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Old 29-05-2004, 06:29 AM
June Moore
 
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Default what is the secret ingredient for chinese fried rice?

Anyone know the ingredient for the very unique taste/aroma for the
chinese fried rice that you eat at the chinese restaurant?
I've tried the sesamie oil but it does not taste like it.

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Old 30-05-2004, 01:00 AM
RLK
 
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Default what is the secret ingredient for chinese fried rice?

"June Moore" wrote in message
om...
Anyone know the ingredient for the very unique taste/aroma for the
chinese fried rice that you eat at the chinese restaurant?
I've tried the sesamie oil but it does not taste like it.



It's either ground white pepper but mainly the taste comes from a
well-seasoned carbon steel wok. The term is "wok hei" -- I believe it
translates to "breath of the wok". Never scour a wok till it gleams. Let it
season over time to a dark nonstick patina.


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Old 31-05-2004, 08:50 AM
occupant
 
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Default what is the secret ingredient for chinese fried rice?

RLK wrote:
Anyone know the ingredient for the very unique taste/aroma for the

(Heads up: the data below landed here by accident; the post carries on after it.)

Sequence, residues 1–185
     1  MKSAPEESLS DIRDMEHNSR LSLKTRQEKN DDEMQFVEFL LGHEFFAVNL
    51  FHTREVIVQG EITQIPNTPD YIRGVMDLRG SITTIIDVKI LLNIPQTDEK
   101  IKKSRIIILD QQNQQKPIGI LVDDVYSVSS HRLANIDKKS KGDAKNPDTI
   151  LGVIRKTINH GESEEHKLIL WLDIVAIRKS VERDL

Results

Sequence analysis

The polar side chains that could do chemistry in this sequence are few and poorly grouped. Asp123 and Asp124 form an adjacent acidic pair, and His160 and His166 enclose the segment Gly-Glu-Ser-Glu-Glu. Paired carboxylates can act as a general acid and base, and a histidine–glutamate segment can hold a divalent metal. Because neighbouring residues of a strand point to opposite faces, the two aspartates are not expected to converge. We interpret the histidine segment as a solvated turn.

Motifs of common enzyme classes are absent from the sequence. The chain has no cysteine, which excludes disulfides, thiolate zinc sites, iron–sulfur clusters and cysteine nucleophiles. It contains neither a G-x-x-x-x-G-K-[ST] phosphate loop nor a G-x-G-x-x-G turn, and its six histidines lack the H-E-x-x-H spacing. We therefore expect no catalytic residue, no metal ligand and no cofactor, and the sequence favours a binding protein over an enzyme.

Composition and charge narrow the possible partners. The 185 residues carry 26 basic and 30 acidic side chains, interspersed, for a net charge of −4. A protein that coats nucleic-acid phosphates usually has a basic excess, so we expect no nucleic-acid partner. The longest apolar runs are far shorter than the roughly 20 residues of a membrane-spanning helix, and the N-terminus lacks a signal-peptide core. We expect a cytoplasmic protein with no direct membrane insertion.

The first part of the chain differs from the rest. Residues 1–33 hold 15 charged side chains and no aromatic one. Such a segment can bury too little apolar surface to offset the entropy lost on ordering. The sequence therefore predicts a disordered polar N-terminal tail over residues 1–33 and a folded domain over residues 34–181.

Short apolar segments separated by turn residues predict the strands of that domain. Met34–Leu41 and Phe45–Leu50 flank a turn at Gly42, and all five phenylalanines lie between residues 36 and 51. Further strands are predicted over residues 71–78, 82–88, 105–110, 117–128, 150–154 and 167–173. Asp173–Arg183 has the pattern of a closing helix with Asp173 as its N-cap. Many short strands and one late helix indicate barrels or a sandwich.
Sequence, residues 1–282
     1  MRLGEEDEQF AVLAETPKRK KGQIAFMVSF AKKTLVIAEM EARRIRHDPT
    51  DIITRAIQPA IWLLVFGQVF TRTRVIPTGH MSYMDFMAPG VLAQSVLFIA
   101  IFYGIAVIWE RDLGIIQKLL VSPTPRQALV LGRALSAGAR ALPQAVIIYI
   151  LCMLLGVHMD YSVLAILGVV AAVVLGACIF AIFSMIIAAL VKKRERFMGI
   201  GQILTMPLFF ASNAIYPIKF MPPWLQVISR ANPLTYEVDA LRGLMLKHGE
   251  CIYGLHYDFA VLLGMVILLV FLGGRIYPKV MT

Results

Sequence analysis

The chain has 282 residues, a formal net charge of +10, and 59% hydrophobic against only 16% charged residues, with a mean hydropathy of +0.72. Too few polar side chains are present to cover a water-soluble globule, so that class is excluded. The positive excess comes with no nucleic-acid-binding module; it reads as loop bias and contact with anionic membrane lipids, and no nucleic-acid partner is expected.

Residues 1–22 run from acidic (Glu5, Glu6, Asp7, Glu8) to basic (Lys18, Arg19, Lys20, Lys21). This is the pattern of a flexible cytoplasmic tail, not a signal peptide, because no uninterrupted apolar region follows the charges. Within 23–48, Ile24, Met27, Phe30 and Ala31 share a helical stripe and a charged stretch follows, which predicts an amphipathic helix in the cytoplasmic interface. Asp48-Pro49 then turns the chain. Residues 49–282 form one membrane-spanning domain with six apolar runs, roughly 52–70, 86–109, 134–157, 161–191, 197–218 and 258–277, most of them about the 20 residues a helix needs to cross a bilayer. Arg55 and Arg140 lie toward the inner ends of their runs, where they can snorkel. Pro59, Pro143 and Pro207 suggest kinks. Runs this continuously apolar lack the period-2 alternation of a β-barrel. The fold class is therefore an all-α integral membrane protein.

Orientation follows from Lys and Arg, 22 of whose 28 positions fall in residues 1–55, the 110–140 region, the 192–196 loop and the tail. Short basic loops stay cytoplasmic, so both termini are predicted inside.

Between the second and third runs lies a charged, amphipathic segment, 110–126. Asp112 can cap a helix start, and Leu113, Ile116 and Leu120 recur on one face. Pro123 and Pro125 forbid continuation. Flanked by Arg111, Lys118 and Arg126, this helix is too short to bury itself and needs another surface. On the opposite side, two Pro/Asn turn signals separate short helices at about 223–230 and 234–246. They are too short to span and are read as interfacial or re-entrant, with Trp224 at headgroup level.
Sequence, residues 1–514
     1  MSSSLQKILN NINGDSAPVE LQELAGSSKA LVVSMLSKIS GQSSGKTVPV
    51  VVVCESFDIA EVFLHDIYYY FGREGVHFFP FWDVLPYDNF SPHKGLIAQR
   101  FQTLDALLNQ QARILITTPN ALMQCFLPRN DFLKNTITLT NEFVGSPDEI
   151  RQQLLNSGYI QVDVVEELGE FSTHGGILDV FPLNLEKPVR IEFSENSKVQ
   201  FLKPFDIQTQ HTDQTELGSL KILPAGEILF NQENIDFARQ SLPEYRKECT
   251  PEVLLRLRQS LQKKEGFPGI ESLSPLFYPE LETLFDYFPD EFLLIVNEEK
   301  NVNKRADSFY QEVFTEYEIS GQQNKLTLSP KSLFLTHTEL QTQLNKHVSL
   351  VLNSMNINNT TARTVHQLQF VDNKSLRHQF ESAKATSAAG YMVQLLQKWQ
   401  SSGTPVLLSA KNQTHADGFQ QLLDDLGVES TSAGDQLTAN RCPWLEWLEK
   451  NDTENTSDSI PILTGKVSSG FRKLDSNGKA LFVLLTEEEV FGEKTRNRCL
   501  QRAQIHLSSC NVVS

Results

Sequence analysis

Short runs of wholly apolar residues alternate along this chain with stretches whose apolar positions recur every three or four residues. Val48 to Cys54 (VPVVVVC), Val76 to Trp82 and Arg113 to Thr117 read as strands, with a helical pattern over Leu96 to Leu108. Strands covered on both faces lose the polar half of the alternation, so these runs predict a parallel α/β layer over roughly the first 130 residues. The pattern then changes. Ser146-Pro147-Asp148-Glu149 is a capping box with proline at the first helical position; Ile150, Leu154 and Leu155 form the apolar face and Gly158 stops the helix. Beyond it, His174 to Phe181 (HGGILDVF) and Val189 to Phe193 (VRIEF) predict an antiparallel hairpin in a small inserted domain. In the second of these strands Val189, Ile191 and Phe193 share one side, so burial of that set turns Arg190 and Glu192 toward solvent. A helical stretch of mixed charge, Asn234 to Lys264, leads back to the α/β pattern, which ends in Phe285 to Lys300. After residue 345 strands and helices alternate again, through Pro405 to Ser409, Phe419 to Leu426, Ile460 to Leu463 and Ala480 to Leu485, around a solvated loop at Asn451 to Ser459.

chinese fried rice that you eat at the chinese restaurant?
I've tried the sesamie oil but it does not taste like it.


It's either ground white pepper but mainly the taste comes from a
well-seasoned carbon steel wok. The term is "wok hei" -- I believe it
translates to "breath of the wok". Never scour a wok till it gleams. Let it season over time to a dark nonstick patina.


Absolutely, a seasoned wok, that along with a little ginger, garlic,
onion, shrimp, if you will, scrambled egg, if you will, soy sauce, sugar
and, of course, rice. I use a little black forest ham. Or you may also
add bbq pork. A handful of frozen peas is good, too. Perfect
everytime, morning, noon, or night. High heat tossing the mixture
against the wall of the hot wok constantly. Then serve and devour with
chopssticks.
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Old 31-05-2004, 10:11 AM
M&M
 
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Default what is the secret ingredient for chinese fried rice?


On 31-May-2004, occupant wrote:

RLK wrote:
Anyone know the ingredient for the very unique taste/aroma for the
chinese fried rice that you eat at the chinese restaurant?
I've tried the sesamie oil but it does not taste like it.


It's either ground white pepper but mainly the taste comes from a